Can You Rent Ski Clothes and Should You?
Ski Expert Michael Cohen breaks down the how-to of renting ski clothes and the pros and cons of renting compared to purchasing the right gear to hit the slopes.
Skiing and snowboarding aren't easy sports. I don't mean the skills you must learn to get down the mountain safely. I’m talking about obtaining the gear that needs to be planned for a family with kids to get to the slopes and be ready to learn the actual sport. If you plan a local ski resort trip, you'll need correctly-sized gear, like skis (or boards), bindings, and boots. In the industry, we call this gear “hard goods.” And at most resorts, you can buy a package that includes your rental, lift ticket, and lessons for first-timers.
If you fly to Breckenridge, Colorado, and head to the ski resort from the airport with the clothes you wore in sunny Los Angeles, obviously, you'll be cold and freeze in the backcountry. So, in addition to your hard goods, you'll need soft goods, such as socks, thermal underwear, ski pants, base layers, jackets, gloves, helmets, and beanies or earmuffs. Whew. That's not as simple as basketball—shorts, T-shirt, shoes, socks, ball, done.
Can You Rent Clothing (Soft Goods) and Is It Worth It?
So the question is can you rent the clothing you need to spend a day skiing or snowboarding? Is the cost of renting this ski and snowboard gear worth it? And the answer to that is...it depends. Let's talk about the pros and cons.
Pros of Renting Gear
One pro is logistics. If you're going on vacation to Vail Resorts with the whole family by plane, each family member needs their stuff. That can be a lot when you consider getting it into taxis and on planes. Choosing a rental service that brings everything to where you are staying is potentially much easier. Or if you are going to one of the larger resorts like Park City, they offer snowboard clothing rental gear.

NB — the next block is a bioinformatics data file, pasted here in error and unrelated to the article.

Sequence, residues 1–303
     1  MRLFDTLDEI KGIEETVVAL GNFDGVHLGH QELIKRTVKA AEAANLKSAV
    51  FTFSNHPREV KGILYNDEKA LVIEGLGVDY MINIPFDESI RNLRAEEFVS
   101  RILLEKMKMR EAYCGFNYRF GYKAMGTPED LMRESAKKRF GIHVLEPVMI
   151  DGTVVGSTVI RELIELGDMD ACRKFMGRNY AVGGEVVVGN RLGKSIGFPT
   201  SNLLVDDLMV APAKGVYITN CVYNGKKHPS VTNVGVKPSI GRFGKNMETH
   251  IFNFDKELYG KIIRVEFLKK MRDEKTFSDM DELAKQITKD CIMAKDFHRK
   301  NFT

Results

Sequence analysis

Less Expensive to Some
Another pro is upfront costs. Depending on the number of days you go per season, infrequent skiers will spend less money upfront. Good quality gear isn't cheap, especially from better-known brands like Burton, Solomon, Rossignol, and North Face. But what does renting everything cost? I will use a larger resort in this example.
Park City is the largest resort in the country. The actual resort does not rent clothing, but they do rent hard goods in a ski/snowboard rental package (skis or boards with bindings and boots for $70 and a $15 helmet rental). Park City isn't alone, most resorts do not rent clothing, If you do want to rent clothing, you will have to use a vendor specifically for this.
One of the popular ski and snowboard clothing rental sites is called Kitlender. On Kitlender, they rent different brands for different costs and ship the rental to you. Once you’re done, you ship it back. Most ski clothing and snowboard clothing rental packages on Kitlender average between $40 per day for lower-end kits and $70 for higher-end ones. I found a North Face kit for $50 per day. But here's the catch—it's $50 per day for a three-day minimum. So for $150, you get ski pants or bibs, a ski jacket, gloves, and goggles (a must because the snow reflects the sun and causes vision damage quickly).